Yu Darvish Needs to Focus on Durability


Someone tell Yu Darvish that he has a quality fastball. According to FanGraphs, Darvish has only thrown his heater about 45% of the time during his three-year career with the Texas Rangers. Darvish’s cheese is often lost between the curveball, changeup, slider and splitter options that he utilizes. He even has a cutter and a slower variation of his regular curveball.

Impressive arsenal? Without a doubt. Partially because of countless pitches laced in nastiness, Darvish has built up 680 strikeouts in 545 1/3 innings pitched. His ERA has been 3.27 and opponents have only touched him for a .216 batting average. To some, suggesting that Darvish should switch his approach, the theme of this article, will be met with head-shaking and overall disagreement.

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In fairness, we can both acknowledge Darvish’s success with the Rangers and admit there’s room for a higher focus on durability. In 2013, Darvish had 277 strikeouts. That 11.89 K/9 rate might have contributed to his injury issues this past season. In here lies a central point to my stance: Darvish pitches for the strikeout too much. This style won’t last forever.

277 strikeouts is a video game number. An 11.89 K/9 rate is typically reserved for a reliever. To go from 209 2/3 innings in 2013 with 277 strikeouts to 144 1/3 innings in 2014, 32 starts to 22, perhaps Darvish’s elbow is already experiencing the decline of throwing such a load of breaking balls. And if that decline hasn’t already started, it’s only a matter of time until it does.

Darvish averages 93 mph on his heater and touches the mid-90s when needed. That’s a desirable range for a starting pitcher. Not so hard that strain is frequent, not too soft that one must rely purely on pinpoint location. In this velocity, Darvish has more operating room than he might think.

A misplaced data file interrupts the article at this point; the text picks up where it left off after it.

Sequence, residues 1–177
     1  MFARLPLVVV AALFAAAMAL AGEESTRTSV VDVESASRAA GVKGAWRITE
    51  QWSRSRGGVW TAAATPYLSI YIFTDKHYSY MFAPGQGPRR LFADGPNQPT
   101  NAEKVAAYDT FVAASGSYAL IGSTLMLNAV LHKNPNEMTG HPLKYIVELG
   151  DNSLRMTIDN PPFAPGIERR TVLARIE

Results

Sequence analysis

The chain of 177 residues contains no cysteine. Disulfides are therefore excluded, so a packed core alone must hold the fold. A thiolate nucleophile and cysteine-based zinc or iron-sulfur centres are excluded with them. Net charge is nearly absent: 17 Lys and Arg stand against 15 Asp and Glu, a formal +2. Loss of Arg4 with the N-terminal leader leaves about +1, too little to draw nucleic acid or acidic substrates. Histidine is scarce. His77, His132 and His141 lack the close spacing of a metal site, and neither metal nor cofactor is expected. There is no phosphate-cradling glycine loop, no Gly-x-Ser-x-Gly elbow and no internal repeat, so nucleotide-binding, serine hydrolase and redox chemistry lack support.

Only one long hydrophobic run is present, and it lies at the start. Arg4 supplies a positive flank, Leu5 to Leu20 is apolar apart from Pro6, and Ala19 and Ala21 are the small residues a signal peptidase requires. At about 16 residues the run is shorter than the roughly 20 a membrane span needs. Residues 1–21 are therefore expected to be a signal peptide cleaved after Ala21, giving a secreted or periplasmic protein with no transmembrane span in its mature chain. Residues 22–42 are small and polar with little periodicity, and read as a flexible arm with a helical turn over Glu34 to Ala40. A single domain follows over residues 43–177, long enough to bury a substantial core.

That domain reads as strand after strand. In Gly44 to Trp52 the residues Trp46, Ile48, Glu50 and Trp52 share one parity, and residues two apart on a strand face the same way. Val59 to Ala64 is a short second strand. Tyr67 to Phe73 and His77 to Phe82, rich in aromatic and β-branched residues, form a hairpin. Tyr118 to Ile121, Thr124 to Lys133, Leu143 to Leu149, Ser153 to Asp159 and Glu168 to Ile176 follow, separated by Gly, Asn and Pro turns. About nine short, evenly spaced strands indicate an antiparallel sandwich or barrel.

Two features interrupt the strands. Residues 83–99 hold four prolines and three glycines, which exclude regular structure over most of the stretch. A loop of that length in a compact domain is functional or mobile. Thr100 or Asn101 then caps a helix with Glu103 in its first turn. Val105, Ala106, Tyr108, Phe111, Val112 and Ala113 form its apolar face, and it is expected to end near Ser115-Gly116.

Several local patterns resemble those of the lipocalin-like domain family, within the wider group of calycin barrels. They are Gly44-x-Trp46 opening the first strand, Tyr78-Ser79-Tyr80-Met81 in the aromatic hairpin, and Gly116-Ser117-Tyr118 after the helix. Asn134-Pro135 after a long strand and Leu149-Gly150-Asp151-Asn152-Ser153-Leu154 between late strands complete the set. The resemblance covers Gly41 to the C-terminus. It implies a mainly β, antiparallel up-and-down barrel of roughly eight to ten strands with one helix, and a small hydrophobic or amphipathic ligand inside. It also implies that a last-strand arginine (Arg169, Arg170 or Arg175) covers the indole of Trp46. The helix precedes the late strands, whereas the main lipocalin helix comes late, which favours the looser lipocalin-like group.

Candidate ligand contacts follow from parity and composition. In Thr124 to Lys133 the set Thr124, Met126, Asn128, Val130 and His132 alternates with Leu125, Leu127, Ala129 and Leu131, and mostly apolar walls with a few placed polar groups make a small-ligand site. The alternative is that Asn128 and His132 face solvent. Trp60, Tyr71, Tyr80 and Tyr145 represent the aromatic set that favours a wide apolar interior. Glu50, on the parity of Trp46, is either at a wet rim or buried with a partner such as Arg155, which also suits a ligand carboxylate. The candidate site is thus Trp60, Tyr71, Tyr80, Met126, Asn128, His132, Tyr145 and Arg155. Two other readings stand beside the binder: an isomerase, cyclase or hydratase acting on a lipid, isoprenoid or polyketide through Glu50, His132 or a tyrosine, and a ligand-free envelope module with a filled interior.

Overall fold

When Darvish amassed his career-high in strikeouts during 2013, his slider was thrown about 31% of the time. Roughly one out of three Darvish pitches on a 209 2/3 inning year was a slider. Imagine what that’s done to his right arm. So while his peak season came with this heavy breaking ball approach, it’s probably not designed for a lengthy career.

Here are a couple of hypothetical options for Rangers’ fans to ponder. Option one: a single phenomenal season full of awe and strikeouts followed by lesser years and injuries. Option two: consecutive seasons of quality with reduced strikeouts and in turn, reduced DL time. Life isn’t this black and white, but my point’s that option two is more suitable for both Darvish and the Rangers.

What would this approach resemble in reality? In an 0-2 count, nobody on situation, Darvish doesn’t have to bury curves and sliders in the dirt until the batter whiffs. There’s no shame in using a fastball to induce a pop out rather than throw excess pitches to tally the strikeout. By being more selective regarding when to reach for the strikeout, Darvish can save his arm an incredible toll.

Regardless of how you feel about Darvish’s approach, either sticking to his guns or weighing durability on a heavier scale, 2015 will be a telling year for the right-hander. We all see that Darvish is talented. He’s so talented, in fact, that it could lead to a brief career if he doesn’t modify his style. Durability is more important than a gaudy strikeout total. This rings especially true over time.